When Tiger Woods first became a family man, he was at pains to insist married life had not dulled his competitive edge. Knowing what we do now about Tiger's marriage, those media debates seem darkly humorous, though his ex-wife Elin Nordgren probably wouldn't agree.
Yet the trope - so-and-so has a kid, realises there's more to life than sport and loses his hunger - remains common, and new dads are often at pains to deny it. Not Bubba Watson.
The Masters champion is famed for doing things differently. He has never had golf lessons and eschews the sports psychologists, visualisation coaches, and nutritionists many top pros hire. His amazing hook-shot recovery on the 18th that set up the win at Augusta isn't in any coaching manual. He urged the galleries to roar as he teed off on the last day of the Ryder Cup, something that stunned the game's stuffy purists. And when it comes to family matters, he's happy to admit golf has tumbled down his list of priorities.
Watson's wife, Angie, told him on their first date she couldn't have children. Even as he played his final round at Augusta, he was thinking mainly of his newly adopted son Caleb, an admission many players would keep to themselves. In May, he skipped the "fifth major", the Players' Championship, happily revealing he wanted to hang out with his son.
"[Being a father] has changed me in the way I look at the game, I'm not as angry or mad on the course," Watson said at the WGC-HSBC Champions this week. "It's given me perspective on what golf really is. It's just a game.
"We say that but before I got married and had my son golf was pretty much everything. That's how I lived my life. Then you get married and your wife comes first, then with a baby golf is third.
"I actually say golf is fourth on my list [God presumably is in the top three for the committed Christian], so it really puts it into perspective how meaningless it is. Whether you shoot 80 or 63, there's more important things in life. Obviously, I'm trying to win every golf tournament but it's not going to control my life. So now it's easier for me to accept good and bad."
Watson says his eight-month-old could actually inspire him to play even better. "I think the other side of it is the role-model part. You want to be a great dad, a great husband, a great person. I'm hoping my son is going to learn from me, not by what I say to him but by my actions.
"On top of that other kids are going to see me as a role model, so hopefully I do things right so my son and other kids see that example and that I'm having fun doing what I love to do."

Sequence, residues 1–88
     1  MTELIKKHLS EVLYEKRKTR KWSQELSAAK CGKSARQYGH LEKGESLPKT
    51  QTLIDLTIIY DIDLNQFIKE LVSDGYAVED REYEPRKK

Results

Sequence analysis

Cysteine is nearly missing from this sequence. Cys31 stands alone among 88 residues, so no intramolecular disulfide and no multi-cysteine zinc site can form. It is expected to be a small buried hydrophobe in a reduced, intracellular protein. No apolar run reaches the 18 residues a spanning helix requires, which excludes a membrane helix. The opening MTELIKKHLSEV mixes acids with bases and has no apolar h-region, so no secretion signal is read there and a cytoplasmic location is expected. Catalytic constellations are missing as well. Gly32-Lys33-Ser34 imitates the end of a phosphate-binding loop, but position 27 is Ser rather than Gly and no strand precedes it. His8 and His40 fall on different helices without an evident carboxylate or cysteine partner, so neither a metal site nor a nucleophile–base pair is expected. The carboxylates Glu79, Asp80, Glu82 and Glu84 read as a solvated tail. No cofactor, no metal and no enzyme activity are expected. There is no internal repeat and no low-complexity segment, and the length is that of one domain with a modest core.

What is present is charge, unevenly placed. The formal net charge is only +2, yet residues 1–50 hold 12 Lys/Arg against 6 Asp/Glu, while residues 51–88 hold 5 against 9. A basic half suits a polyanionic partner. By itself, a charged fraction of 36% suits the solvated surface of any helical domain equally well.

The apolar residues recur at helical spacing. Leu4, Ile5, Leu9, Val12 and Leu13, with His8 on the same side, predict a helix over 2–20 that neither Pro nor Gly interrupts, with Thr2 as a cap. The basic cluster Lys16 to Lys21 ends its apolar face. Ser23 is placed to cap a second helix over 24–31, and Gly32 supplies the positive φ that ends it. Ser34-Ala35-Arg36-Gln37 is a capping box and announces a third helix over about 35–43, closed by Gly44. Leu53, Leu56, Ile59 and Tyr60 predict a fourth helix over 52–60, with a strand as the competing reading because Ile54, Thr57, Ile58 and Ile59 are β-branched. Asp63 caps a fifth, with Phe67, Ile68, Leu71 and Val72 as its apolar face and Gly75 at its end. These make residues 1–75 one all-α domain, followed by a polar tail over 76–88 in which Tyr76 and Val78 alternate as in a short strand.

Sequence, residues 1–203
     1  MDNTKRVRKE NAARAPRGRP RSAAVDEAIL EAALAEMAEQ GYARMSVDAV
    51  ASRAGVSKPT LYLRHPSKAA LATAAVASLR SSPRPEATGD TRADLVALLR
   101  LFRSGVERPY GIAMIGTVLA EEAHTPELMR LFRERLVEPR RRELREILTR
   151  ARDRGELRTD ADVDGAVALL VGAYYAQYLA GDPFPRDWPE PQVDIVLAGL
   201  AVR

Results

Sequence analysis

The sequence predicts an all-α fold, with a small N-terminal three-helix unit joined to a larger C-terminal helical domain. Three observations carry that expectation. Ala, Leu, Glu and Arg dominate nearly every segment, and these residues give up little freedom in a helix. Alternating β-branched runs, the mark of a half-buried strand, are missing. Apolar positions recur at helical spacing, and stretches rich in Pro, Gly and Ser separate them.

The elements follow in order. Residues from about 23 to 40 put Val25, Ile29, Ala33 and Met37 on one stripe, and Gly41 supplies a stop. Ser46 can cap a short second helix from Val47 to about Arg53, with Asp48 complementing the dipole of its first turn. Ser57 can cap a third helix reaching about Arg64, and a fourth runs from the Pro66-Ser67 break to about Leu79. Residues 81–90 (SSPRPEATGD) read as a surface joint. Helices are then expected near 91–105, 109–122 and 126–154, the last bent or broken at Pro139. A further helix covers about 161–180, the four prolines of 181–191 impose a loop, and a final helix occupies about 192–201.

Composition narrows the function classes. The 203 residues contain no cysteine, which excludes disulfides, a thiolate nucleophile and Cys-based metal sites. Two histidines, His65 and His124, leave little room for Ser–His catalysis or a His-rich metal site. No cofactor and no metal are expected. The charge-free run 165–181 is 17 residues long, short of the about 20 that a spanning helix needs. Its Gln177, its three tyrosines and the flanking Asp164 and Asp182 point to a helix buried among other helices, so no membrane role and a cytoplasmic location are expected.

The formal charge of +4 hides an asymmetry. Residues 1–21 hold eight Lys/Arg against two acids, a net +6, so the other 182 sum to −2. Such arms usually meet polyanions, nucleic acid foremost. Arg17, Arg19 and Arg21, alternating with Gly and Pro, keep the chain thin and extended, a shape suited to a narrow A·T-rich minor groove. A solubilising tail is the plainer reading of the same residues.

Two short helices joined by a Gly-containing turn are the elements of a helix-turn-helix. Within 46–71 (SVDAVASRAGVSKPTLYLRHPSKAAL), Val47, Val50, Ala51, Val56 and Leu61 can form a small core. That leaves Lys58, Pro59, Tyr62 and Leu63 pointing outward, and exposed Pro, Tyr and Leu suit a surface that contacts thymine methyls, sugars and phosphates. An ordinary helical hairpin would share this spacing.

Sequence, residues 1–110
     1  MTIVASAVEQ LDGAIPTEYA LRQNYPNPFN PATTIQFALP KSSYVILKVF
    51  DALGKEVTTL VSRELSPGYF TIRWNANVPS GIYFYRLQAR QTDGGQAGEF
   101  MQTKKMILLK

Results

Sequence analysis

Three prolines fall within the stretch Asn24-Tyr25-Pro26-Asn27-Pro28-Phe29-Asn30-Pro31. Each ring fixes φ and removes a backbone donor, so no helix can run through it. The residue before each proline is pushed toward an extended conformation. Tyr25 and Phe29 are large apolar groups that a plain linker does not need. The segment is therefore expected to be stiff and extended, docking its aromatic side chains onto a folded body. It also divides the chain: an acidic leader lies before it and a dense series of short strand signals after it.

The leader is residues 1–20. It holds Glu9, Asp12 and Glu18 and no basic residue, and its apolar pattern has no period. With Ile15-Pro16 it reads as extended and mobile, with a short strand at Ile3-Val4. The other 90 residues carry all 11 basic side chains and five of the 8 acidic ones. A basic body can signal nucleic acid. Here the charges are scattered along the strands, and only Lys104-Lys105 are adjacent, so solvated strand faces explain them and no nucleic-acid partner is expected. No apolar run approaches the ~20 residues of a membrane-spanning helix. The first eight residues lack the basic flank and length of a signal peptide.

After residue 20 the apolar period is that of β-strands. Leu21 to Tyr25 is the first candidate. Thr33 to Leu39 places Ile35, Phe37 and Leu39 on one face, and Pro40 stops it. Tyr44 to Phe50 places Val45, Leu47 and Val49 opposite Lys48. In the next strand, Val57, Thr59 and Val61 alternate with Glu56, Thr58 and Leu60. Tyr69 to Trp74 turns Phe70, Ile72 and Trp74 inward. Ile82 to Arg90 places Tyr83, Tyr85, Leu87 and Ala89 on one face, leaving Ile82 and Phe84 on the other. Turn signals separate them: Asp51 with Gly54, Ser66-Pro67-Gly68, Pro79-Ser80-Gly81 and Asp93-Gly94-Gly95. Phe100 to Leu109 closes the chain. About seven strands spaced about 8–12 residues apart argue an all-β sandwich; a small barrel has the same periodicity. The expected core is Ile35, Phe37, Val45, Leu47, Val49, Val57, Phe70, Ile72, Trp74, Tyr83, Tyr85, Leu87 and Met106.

There genuinely seems no front with the Florida native, happy to describe himself as a "new-age redneck". 'Bubba Golf", this unabashed, joyful style of play and behaviour on and off the course, means he's set to achieve John Daly-esque levels of fame, albeit probably without so much tabloid turmoil given he's teetotal.
He chose CNN's Piers Morgan to give his first big post-Masters interview "because I thought [he was] a prick on America's Got Talent", has a YouTube smash with his boy-band style song with fellow pros (a sequel is on the way), and recently won over the Tonight Show audience by obliterating various foodstuffs with ferocious drives.
"This [celebrity stuff] is something I enjoy doing," says the 33-year-old. "I've never changed who I am. I say what I mean, even if sometimes it gets people mad and I'm just me.
"I just happen to play golf and am in the spotlight but I'm still the same person. I'd still enjoy smashing cakes and fruit around with a golf club even if people didn't know who I was!
"That's where 'Bubba Golf' has come from. It's about having fun and enjoying life and that's what I'm doing on the golf course."
Bubba Golf is spreading farther afield and, having reached China for the first time this week, it will be hitting Southeast Asia next month at the Thailand Golf Championship, his Masters win and Ryder Cup performance having exposed him to a worldwide audience.
Watson's reaction to the latter defeat, when opponent Luke Donald blocked out the Bubba madness on the last day to get Europe off to a winning start in the singles, is also different from many of his peers.
"I learned so much from that," he says. "It was great that for a loss you learned so much, watching Ian Poulter, watching some of the other guys on the European team, you can learn so much from them, the way they handled themselves when they beat us, they did it with grace and respect and they just beat us.
"And I think the loss will hopefully help me. Obviously I wanted to win, my team wanted to win. We were upset, I cried a bit, but the way it all went down I think we can learn from it and walk away knowing that the game of golf grew from that.
"Europe helped grow it and I think the way we handled ourselves with the loss helped grow it and I think the game of golf was the biggest winner of the whole event."
Winning isn't everything? Just another example that father knows best.